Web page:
Mr. Jackson and Microsoft were in discussions over a Halo movie, but those talks have apparently stalled. However, the software giant and maker of the wildly popular franchise had enlisted Mr. Jackson to create an episodic online video series set in the Halo universe. The first two installments have been released; the third will come out the same day as "Halo 3" is released, Sept. 25, and will be available on the microsite for a new Discovery show, "Last One Standing."
"Last One Standing" has its debut Oct. 4; PHD, Discovery's media agency, which conceived and crafted the deal, said it saw a fit between "Last One Standing" and the video game. The exclusivity period for the video runs one week from its Sept. 25 debut.
"Last One Standing" targets men ages 18 to 34 and, according to the program description, focusing on "six American and British athletes who are dropped into ancient cultures to live alongside indigenous tribesmen and participate in their authentic rituals to see who will survive and triumph." The demographics of the show and Halo's young male devotees are "totally in sync," said Chris Schembri, senior VP-media planning and partnerships at Discovery Communications.
PHD worked with Microsoft and its video-game sales unit, Massive, to work out co-branded display ad units that will run on Microsoft sites such as MSN and Xbox.com as well as sites within its network, including Facebook. Microsoft will also promote the video on XBox Live.
And the agency is bullish on the promotion, saying it could reap as many as 100 million impressions.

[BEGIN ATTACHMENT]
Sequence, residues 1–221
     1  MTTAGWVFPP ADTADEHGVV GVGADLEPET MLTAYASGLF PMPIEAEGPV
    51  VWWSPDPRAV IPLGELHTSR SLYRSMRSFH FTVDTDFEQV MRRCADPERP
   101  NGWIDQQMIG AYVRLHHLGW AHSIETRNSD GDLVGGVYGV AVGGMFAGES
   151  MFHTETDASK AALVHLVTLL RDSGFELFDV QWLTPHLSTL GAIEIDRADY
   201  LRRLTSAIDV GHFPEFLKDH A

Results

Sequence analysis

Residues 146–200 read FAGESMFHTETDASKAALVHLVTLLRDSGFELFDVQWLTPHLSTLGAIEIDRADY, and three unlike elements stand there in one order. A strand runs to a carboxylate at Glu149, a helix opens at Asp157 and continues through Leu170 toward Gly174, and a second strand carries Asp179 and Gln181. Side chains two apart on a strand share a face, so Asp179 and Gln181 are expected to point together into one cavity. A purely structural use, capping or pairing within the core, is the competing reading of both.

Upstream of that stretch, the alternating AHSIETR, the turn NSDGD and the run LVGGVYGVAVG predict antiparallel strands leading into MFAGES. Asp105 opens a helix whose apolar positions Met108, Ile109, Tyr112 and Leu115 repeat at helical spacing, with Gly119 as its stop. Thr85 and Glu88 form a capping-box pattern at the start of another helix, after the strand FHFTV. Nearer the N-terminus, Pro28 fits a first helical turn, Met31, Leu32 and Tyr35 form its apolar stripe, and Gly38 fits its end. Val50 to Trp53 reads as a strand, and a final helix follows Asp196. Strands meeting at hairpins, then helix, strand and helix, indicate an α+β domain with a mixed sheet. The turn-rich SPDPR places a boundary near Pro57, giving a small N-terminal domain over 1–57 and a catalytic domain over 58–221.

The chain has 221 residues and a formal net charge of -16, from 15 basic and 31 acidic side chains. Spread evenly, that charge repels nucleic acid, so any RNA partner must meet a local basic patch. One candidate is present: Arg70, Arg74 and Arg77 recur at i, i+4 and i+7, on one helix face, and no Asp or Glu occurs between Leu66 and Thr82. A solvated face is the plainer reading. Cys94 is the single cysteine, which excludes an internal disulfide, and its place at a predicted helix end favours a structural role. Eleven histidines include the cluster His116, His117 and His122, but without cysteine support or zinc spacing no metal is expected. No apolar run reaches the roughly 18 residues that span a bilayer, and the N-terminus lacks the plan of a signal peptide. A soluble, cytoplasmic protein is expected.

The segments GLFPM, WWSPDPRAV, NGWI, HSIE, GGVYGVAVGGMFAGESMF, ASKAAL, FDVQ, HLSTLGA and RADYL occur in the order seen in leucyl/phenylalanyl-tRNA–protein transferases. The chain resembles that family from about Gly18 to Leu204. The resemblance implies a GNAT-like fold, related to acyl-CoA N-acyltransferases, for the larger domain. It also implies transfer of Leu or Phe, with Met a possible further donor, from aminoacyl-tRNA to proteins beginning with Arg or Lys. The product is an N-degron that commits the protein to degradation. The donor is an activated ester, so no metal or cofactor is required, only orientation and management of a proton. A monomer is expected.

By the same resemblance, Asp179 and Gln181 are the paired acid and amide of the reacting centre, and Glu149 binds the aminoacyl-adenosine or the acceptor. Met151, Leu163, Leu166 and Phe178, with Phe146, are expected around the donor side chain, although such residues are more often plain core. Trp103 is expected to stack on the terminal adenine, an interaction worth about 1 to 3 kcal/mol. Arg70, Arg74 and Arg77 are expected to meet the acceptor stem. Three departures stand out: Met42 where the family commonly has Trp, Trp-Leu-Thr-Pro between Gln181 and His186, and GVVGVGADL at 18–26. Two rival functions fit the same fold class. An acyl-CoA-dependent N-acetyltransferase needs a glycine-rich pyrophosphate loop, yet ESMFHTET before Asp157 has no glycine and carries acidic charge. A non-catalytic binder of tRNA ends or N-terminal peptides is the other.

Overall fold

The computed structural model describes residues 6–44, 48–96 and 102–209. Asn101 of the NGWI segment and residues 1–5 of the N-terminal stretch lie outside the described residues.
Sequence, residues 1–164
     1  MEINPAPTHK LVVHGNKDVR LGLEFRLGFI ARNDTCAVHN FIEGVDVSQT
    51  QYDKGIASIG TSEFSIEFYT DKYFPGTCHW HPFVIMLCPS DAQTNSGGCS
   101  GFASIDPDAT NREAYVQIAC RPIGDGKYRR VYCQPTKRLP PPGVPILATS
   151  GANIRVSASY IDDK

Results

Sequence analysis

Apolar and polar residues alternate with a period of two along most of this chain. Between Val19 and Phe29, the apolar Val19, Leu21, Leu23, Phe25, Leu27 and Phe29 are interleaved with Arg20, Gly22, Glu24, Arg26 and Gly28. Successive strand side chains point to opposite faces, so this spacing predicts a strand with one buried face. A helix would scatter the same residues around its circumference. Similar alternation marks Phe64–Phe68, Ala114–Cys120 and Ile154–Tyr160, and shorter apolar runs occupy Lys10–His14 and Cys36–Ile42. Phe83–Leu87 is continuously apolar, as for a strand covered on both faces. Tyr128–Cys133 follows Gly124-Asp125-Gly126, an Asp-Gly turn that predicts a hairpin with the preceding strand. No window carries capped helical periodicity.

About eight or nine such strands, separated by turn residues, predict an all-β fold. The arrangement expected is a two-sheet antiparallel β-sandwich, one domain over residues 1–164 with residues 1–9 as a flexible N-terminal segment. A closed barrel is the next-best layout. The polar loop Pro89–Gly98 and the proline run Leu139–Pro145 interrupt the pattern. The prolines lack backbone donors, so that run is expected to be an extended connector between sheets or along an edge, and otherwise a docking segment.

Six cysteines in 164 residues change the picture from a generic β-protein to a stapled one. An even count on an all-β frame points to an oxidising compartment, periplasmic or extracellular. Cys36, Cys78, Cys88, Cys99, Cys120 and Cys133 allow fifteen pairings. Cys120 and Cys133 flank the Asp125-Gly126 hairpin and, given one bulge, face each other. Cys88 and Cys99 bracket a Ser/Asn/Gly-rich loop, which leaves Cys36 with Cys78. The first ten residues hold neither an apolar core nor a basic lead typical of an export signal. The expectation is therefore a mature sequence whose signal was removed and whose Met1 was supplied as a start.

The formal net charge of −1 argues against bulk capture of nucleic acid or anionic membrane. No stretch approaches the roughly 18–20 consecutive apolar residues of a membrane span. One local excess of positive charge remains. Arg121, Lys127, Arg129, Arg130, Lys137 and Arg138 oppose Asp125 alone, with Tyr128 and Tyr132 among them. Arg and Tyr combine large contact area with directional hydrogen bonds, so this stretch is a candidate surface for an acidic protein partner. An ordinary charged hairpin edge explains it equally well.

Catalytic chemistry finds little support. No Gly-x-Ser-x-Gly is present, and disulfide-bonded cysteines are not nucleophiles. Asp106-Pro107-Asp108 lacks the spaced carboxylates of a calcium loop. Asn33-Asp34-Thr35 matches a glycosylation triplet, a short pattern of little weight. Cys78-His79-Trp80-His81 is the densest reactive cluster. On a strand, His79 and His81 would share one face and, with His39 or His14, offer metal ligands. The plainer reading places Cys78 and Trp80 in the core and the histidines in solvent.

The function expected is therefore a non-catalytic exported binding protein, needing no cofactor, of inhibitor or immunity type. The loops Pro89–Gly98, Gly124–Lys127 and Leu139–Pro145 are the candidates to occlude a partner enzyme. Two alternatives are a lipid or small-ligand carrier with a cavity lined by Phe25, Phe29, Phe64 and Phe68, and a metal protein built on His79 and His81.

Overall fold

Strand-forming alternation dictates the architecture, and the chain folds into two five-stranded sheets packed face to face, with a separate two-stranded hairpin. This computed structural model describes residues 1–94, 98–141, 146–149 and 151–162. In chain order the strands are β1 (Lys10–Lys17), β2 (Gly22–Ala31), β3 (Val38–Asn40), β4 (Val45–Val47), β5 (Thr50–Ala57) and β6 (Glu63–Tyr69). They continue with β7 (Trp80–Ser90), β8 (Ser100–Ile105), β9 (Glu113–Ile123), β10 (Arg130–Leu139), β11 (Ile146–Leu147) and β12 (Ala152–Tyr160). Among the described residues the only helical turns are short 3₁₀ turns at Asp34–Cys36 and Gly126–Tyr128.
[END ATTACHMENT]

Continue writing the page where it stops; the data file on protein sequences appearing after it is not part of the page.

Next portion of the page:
"Once exclusivity expires, the video will still have our branding," said Craig Daitch, VP-director of interactive strategy at PHD. "When it hits video aggregation sites, there's nothing that keeps a social networking site from posting it on their super wall."
Less costly than traditional buys
Although PHD wouldn't comment on the cost of the campaign, the deal is expected to cost far less than the eight-figure packages other marketers struck to be part of the game. In another example of a marketer attaching itself to the Halo brand, Wal-Mart is paying TV network CW for branded spots in its new Sunday evening newsmagazine to promote the fact it will be selling the video game.
This is not Discovery's first foray into gaming. Earlier this year PHD coordinated a campaign for the program "Future Weapons" that offered fans of XBox's "Gears of War" access to addition levels of the game. The campaign was lauded for its ability to drive affinity among hard-to-reach young males.
"With 'Gears of War' we were giving gamers something that will enhance their game play," said Mr. Daitch. "In the case of 'Halo,' we're promoting the Halo lifestyle. It shows we recognize the fact that Halo is a culture in itself."
Added Mr. Schembri: "It really offers us an opportunity to get some credibility in that market with that target group. They're great viewers for us."